Forum for Science, Industry and Business

Sponsored by:     3M 
Search our Site:

 

Lucky break gives scientists unique view of underwater eruption

28.11.2006
A combination of luck and being in the right place at the right time allowed a University of Florida geologist and other scientists to capture and record an undersea volcanic eruption for the first time ever.

The eruption, which took place early this spring thousands of feet below the surface of the Pacific Ocean, is described in a paper set for release Thursday in Science Express, the journal Science’s online magazine.

“Never before have we had instruments in place like this that recorded an eruptive event on the seafloor,” said Mike Perfit, a UF professor of geology.

Perfit was among the scientists who visited the eruption shortly after it took place aboard the deep-sea submersible Alvin. The project was headed by Maya Tolstoy, a seismologist with Columbia University’s Lamont Doherty Earth Observatory and the lead author of the Science paper.

Perfit said the eruption occurred about 400 miles west of Mexico along a massive volcanic mountain range called the East Pacific Rise. Fortuitously, it was one of three active undersea volcanic areas that were selected for high-intensity research in the late 1990s as part of the National Science Foundation’s RIDGE research program. As a result, geologists, biologists, geophysicists and other specialists had gathered a storehouse of samples, data and photos from the site.

The scientists also had numerous instruments in place on the ocean bottom 8,000 feet below the surface – including a dozen “ocean bottom seismometers.” These devices listen for and measure seismic activity which is recorded on a small computer hooked to a buoyant sphere. Seismologists on the research vessel retrieve the instrument by electronically signaling the seismometer to release from the seafloor, which then carries the hard drive full of data to the ocean surface.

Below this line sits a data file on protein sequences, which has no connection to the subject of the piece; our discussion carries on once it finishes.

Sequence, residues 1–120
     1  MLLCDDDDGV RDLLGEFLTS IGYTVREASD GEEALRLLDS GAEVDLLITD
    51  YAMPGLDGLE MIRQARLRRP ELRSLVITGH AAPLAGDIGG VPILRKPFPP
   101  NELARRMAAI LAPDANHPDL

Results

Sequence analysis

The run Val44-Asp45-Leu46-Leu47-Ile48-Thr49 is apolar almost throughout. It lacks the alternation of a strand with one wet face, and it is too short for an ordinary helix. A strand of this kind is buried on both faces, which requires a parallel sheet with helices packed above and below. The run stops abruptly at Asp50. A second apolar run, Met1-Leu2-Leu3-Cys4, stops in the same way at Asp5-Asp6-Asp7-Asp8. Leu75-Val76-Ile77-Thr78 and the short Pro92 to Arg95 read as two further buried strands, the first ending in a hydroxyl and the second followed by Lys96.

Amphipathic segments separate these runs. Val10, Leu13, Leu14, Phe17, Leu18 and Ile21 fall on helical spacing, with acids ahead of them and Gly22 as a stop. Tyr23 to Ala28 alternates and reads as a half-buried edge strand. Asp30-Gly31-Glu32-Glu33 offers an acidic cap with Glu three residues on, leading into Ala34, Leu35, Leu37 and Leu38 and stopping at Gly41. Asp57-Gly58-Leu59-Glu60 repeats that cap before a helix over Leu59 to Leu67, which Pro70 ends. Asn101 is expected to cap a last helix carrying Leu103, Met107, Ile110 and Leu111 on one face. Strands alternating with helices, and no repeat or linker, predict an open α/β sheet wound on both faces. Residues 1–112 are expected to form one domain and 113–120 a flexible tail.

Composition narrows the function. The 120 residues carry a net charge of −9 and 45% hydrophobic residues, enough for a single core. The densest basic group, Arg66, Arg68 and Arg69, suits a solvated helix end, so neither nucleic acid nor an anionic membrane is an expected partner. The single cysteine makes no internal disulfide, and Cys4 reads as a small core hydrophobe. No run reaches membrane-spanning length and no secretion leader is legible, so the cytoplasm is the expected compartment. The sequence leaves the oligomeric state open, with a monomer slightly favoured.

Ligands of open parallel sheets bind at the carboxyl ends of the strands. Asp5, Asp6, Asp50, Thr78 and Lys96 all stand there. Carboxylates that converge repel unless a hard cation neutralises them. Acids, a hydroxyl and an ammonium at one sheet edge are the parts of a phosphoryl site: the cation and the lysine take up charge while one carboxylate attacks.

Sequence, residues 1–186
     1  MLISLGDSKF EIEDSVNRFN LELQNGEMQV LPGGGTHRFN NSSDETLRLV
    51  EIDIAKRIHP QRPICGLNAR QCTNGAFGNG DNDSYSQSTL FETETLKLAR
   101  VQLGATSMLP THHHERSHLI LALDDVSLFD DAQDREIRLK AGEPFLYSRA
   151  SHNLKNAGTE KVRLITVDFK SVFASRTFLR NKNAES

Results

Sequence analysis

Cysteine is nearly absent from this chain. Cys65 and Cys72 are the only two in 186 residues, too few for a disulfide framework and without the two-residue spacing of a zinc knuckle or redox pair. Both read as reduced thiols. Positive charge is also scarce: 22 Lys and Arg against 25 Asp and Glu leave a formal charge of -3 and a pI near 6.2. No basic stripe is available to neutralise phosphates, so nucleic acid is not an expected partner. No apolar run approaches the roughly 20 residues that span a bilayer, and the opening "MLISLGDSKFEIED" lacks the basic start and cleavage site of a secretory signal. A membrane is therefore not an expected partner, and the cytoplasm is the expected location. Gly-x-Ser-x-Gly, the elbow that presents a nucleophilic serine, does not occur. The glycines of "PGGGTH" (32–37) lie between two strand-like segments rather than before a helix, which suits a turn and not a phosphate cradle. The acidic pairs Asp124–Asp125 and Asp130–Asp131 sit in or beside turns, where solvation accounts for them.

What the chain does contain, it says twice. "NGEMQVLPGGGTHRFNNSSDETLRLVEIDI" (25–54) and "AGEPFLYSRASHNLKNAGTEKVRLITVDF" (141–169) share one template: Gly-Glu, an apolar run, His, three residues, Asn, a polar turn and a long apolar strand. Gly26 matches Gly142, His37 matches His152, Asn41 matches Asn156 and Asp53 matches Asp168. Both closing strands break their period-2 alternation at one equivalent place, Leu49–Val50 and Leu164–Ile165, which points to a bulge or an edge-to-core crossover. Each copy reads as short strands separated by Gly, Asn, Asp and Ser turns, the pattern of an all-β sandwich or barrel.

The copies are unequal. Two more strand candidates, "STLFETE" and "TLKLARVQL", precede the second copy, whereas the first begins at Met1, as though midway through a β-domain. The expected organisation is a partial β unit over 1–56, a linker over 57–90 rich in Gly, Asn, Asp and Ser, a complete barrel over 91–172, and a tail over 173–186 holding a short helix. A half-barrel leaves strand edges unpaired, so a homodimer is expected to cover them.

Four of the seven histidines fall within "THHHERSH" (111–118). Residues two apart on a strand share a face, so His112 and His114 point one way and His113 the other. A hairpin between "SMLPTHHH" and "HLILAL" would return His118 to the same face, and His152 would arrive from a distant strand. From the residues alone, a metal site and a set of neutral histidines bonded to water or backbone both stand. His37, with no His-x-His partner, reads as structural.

When a group of scientists visited the East Pacific Rise site in April on a routine mission to retrieve the seismometers, they were surprised to discover that only four detached and rose to the surface, Perfit said. Three others responded to scientists’ signals but refused to bob to the surface. “They were responding, but they weren’t coming up. Usually you might lose one, but you don’t lose that many of your ocean bottom seismometers,” Perfit said.

Intrigued, the scientists used onboard equipment to measure temperature, salinity and turbidity near the ocean bottom. They discovered the water was unusually cloudy and warm above the ridge crest, indicating a possible eruption. To confirm it, the scientists retrieved some ocean floor lava from the ocean floor. Subsequent tests by Perfit and K. Rubin, a colleague at the University of Hawaii, confirmed that the rock was formed very recently as the result of a deep sea volcanic eruption.

Scientists in the RIDGE Program quickly mobilized and sent another ship to the site equipped with a deep-diving camera system. Towed behind the ship, the cameras revealed “brand new black glassy lava,” Perfit said. Unlike the explosive lava-spewing volcanoes on Earth’s surface, deep sea volcanoes emit lava slowly because of the enormous ocean pressure. This lava forms pillow-like structures across the ocean bottom as it seeps out of seafloor fissures.

The cameras also failed to record any visible ocean bottom life with the exception of thick white masses of bacterial colonies that coated the lava. That was in sharp contrast to thriving life recorded at the site in the years before. “There was at least one site that was a lush site with tubeworms, crabs and mussels and it was just gone, just buried,” Perfit said.

Perfit was among the scientists aboard the submersible Alvin who did repeated dives along the site in June and July. Among other things, the group located the ocean bottom seismometers and quickly discovered the problem – they had become enveloped and trapped in the lava flow.